2. When Languoreth’s father first hears about Emrys Pendragon, he is skeptical of his ability to lead in such troubled times, but Morken’s counselor Cathan claims, “‘When the people need a hero, so are such heroes made.’” What does Cathan mean? How does the world in which we live contribute to or hinder our ability to cope with our difficulties? Is the Pendragon the only such hero made in this book? Who are the others? How are we to define a hero based on this definition?
3. After she first meets Ariane, Languoreth tells her she has a funny way of speaking and Ariane replies, “‘Perhaps it is you who has the funny way of speaking.’” How does the influence of someone different assist Languoreth during her development? How does her perspective change, as Ariane suggests here, after she is one of the few people from her house living within a Christian kingdom? What effect does living in a place so different from one’s own home have on one’s understanding of the world and oneself?
4. Languoreth reflects on her mother’s death by wondering if every time tragedy befalls a person it is excused by the saying, “‘This is the way of the Gods.’” Is accepting tragedy as destiny beneficial or detrimental to the people it is meant to comfort? How does Languoreth adopt this philosophy later in the novel and is it effective for her?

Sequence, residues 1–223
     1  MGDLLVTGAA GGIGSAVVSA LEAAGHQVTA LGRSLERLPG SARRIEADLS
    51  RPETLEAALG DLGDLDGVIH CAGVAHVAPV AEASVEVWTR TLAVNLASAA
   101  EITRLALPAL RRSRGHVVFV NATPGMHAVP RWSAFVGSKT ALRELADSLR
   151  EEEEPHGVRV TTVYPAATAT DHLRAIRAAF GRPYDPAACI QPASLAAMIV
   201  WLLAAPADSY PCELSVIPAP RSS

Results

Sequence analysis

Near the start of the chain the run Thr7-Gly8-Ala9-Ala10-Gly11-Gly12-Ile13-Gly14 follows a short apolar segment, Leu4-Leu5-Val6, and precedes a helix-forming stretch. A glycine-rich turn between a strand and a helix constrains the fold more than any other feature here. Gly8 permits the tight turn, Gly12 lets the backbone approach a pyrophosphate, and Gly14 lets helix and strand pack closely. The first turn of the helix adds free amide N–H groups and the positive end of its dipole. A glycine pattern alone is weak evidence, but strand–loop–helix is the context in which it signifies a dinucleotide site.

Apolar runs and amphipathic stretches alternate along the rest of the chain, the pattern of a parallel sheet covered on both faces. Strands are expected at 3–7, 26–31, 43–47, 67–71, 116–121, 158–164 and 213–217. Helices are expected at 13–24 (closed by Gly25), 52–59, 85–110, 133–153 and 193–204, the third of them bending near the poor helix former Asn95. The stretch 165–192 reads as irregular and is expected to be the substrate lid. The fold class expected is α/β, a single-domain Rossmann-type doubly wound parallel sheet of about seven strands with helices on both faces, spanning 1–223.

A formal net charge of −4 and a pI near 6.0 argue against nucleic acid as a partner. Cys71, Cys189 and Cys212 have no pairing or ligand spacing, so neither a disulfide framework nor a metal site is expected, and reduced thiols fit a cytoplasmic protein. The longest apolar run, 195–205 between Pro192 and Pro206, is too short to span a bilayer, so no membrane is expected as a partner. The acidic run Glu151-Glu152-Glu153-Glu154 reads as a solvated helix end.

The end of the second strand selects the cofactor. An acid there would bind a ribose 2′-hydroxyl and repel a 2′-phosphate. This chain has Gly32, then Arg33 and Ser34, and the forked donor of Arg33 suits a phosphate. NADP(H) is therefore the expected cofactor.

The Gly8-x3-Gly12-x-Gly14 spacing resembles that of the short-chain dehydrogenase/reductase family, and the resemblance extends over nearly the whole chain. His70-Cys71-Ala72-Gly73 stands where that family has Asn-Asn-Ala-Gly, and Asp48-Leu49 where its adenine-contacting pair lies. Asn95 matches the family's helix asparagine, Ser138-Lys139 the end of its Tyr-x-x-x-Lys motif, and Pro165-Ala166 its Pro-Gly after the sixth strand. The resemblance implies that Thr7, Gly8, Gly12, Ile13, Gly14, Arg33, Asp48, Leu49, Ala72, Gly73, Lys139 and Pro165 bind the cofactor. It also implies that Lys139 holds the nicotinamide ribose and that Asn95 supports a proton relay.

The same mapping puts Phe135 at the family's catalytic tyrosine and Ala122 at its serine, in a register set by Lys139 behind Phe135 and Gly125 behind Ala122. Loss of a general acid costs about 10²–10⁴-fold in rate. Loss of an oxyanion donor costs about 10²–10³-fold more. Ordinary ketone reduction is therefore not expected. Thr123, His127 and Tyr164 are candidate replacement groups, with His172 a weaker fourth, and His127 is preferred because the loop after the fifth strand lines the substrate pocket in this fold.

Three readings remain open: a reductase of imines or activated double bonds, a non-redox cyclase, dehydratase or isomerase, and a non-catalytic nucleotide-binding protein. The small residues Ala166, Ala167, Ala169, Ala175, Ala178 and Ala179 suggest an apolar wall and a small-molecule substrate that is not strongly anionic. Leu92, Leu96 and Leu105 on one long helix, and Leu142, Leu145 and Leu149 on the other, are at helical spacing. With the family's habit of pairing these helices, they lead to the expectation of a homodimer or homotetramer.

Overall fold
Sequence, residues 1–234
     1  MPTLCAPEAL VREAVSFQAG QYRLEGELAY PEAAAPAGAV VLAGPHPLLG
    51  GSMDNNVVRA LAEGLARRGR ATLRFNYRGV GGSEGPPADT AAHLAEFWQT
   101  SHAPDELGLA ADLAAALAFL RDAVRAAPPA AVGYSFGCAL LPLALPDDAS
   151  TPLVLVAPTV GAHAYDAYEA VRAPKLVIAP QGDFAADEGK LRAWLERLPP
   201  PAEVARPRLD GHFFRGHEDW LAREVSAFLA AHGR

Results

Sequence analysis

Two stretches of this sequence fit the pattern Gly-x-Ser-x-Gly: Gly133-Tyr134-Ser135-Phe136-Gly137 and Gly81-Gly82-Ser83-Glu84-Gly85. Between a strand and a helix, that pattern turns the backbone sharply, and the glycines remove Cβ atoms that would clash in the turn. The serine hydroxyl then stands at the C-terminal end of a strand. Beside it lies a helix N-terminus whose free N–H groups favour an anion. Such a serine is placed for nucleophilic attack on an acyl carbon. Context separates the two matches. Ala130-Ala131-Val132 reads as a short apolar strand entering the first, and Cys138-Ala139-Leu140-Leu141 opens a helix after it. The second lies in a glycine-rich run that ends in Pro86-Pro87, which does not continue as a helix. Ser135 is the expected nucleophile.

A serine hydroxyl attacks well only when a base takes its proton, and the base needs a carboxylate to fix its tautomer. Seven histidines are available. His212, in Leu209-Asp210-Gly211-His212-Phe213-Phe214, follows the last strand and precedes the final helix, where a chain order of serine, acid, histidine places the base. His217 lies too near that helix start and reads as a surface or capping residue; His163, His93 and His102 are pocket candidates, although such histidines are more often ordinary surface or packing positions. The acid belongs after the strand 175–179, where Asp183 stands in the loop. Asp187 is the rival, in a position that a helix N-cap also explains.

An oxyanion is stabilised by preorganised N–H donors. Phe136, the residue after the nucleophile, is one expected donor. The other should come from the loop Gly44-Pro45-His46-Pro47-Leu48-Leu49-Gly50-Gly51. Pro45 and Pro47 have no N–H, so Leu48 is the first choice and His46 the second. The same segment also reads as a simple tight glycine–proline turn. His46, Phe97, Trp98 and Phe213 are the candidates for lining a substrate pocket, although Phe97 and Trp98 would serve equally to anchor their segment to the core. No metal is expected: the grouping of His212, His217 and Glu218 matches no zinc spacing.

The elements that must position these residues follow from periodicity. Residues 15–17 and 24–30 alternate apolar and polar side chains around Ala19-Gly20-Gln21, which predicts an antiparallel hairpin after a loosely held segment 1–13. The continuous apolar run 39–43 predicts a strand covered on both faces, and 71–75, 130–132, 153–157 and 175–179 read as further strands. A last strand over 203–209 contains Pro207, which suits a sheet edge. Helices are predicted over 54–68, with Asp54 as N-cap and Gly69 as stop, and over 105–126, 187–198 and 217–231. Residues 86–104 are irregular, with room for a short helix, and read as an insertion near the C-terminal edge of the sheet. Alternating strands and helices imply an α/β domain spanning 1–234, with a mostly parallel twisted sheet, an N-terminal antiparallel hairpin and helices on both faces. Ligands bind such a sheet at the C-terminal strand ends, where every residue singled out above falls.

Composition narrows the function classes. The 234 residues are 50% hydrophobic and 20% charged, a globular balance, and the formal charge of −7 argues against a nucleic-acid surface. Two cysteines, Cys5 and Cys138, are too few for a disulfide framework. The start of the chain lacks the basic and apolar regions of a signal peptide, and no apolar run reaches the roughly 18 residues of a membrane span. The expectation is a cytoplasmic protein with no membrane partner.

5. When her mother told Languoeth she would be forced into an arranged marriage, she thinks: “In that moment I understood I would never belong to myself.” What does that mean? Discuss how Languoreth belongs to herself and what ways she doesn’t. Do women today still never completely belong to themselves?
6. Echoing Languoreth’s commentary, Ariane tells Languoreth that she will not be like someone else but rather, “‘I am always myself.’” How is being oneself and belonging to oneself distinguished as different in the book? Despite serving Languoreth, does Ariane still belong to herself? Do other characters ever truly belong to themselves?
7. Languoreth often has doubts about her Gods, though Lailoken does not. Languoreth notes, “The Gods did not protect Mother. The Gods did not protect Bright Hill. Yet they will come to Cathan’s aid?” How is Languoreth’s understanding of faith different from Lailoken’s? In what ways have their different experiences shaped these separate versions? Is believing fate is on your side dependent on having faith? Faith in what?
8. Tutgual is never able to announce his decision about the Christian burial that sets off so many of the conflicts in this book. What do you think his decision would have been? Would a decision have made a difference in delaying the Christian conflict? Does the inevitability of fate in this moment outweigh the importance of a human decision, even one from someone as important and powerful as Tutgual?
9. Ariane attempts to empower Languoreth before her arranged marriage by telling her, “‘Nothing can be taken from you that you do not freely give.’” To what extent is this true in the story and to what extent does it prove false? What is taken from Languoreth and others that they do not freely give? What was freely given but reluctantly, as in a sacrifice? What is the benefit of such sacrifices?